Icings rely heavily on their shortenings and the air incorporated in the mixing bowl for their structure, texture and mouthfeel. The shortening will determine whether an icing is creamy, light and fluffy or gritty and hard. Using the proper shortening will pay dividends even in process, storage and display.

“Without the right shortening, bakers won’t be able to hold the right amount of water and sugar or aerate the icing properly,” Mr. Flider said. “If you need to freeze the icing, you don’t want it to break or have the sugar come out. You don’t want the color to start to run.”

The decision-making process on the type of fat and emulsifier starts with knowing the end goals for the product. This includes things like nutrition, branding, desired eating characteristics and the retail channel the finished product will go through. While nutritional considerations often look at the level of saturated fat, this type of fat is critical for providing the solids needed to achieve the right eating qualities in an icing. This is the reason why liquid oils on their own are not the best choice for this application. Retail channel type is also a key consideration.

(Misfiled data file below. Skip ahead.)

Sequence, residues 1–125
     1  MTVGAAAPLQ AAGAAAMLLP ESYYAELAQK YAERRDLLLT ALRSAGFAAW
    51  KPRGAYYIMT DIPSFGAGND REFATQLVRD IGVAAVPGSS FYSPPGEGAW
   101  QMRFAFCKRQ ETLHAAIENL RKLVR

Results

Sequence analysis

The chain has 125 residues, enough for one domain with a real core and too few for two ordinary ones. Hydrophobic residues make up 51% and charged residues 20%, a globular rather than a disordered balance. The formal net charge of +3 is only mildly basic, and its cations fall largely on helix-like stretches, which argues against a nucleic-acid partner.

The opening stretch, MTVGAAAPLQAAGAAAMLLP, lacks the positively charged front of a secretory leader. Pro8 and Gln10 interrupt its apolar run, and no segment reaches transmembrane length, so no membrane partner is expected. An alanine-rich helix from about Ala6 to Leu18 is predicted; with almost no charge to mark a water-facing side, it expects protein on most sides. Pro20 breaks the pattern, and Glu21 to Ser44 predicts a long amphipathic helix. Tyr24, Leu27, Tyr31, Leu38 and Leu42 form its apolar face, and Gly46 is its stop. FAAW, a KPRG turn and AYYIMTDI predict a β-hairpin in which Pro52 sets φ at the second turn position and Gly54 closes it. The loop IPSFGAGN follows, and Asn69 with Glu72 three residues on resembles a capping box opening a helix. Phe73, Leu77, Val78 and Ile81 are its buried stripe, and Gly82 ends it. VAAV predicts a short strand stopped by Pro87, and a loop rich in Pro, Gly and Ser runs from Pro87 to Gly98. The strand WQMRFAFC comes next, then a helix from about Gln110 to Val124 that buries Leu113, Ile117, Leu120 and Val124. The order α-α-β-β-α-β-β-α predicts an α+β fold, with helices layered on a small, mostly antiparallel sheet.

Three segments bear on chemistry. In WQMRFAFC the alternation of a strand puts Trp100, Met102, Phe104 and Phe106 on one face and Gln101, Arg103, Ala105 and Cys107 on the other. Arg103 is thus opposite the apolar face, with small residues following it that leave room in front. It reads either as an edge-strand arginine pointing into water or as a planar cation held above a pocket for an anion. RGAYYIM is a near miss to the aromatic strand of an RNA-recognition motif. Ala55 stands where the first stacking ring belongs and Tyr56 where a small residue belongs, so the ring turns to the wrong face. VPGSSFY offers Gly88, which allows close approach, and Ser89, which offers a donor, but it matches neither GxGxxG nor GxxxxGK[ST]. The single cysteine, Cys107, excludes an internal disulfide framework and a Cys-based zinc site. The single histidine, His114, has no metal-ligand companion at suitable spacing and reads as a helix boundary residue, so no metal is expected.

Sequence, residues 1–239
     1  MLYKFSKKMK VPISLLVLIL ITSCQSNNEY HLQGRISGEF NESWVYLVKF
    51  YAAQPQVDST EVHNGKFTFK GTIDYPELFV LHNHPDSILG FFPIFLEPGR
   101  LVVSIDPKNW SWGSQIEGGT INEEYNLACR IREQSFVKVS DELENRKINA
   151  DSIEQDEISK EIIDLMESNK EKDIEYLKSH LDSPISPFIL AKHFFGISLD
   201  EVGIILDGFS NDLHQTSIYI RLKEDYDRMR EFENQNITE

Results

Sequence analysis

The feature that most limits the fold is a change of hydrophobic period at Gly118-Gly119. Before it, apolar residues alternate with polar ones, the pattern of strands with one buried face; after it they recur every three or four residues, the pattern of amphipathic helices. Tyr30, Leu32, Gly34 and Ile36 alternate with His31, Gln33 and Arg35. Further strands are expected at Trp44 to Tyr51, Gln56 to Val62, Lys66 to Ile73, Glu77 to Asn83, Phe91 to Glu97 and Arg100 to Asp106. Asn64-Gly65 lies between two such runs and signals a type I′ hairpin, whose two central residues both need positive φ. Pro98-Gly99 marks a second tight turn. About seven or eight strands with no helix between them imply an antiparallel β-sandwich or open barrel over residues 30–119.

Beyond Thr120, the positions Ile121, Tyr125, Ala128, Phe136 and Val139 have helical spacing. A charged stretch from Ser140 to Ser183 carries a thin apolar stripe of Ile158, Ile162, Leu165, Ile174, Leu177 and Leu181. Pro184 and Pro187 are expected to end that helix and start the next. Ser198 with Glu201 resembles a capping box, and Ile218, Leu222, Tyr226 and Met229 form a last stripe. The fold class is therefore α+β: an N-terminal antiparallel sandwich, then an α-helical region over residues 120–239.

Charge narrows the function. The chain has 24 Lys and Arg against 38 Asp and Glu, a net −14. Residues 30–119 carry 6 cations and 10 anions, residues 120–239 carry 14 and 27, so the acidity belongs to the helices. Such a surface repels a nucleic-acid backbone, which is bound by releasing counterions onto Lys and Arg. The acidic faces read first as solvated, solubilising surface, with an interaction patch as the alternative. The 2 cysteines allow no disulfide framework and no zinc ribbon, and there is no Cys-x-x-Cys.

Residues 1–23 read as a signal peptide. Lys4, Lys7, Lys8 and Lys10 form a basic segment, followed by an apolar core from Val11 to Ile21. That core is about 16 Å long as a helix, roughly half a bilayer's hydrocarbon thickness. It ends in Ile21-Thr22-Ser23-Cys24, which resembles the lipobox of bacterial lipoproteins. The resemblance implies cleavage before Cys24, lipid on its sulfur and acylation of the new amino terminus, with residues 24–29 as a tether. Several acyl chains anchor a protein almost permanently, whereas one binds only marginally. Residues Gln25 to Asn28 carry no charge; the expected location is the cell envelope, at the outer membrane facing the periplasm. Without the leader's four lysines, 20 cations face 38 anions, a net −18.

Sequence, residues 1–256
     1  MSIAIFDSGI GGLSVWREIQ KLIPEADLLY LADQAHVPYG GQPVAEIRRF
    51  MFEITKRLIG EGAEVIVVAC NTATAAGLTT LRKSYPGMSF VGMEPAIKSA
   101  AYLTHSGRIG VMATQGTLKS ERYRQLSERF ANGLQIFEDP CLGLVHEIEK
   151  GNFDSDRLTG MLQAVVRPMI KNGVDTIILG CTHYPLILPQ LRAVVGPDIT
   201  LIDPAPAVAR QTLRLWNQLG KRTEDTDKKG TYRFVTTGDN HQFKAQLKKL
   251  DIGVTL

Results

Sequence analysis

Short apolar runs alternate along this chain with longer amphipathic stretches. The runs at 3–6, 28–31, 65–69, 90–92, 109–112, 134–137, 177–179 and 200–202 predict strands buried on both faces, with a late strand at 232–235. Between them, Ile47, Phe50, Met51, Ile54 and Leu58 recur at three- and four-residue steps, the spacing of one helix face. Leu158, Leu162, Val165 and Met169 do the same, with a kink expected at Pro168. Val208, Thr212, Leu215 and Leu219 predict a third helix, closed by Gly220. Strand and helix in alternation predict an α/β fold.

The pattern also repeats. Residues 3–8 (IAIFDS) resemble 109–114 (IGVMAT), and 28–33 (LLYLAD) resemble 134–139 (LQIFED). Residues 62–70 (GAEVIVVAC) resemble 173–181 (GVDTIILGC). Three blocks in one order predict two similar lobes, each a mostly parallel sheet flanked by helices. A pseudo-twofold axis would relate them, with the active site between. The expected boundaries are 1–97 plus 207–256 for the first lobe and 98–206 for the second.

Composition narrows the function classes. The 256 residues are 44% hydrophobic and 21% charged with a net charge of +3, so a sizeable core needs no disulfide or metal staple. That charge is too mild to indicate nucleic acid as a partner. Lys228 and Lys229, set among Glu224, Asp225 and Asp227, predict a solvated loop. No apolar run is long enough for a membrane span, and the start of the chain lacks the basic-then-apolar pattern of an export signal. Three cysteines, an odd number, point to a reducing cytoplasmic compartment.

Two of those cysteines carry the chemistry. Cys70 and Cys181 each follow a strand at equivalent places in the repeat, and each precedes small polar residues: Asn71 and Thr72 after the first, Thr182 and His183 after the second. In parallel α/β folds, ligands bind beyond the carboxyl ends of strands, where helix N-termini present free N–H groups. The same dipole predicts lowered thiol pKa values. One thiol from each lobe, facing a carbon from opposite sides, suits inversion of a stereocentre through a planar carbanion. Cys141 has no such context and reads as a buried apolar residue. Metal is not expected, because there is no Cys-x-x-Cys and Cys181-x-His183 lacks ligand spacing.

“Products that are prepared in store and consumed immediately don’t require the same temperature tolerance and robustness as products that are manufactured, frozen, stored and shipped to a destination where they finally get prepared for consumption,” said John Satumba, PhD, global bakery technical lead and regional R&D director for North America, global edible oil solutions, Cargill.

At the end of the day, cake formulating relies on the shortening and emulsifiers to successfully cream and aerate the batters and icings that make them so delicious. Knowing the finished product’s target — texture and crumb structure, nutritional profile, processing needs — can help bakers work backwards with suppliers to find the custom shortening solution for their products.

This article is an excerpt from the April 2022 issue of Baking & Snack. To read the entire feature on Fats & Oils, click here.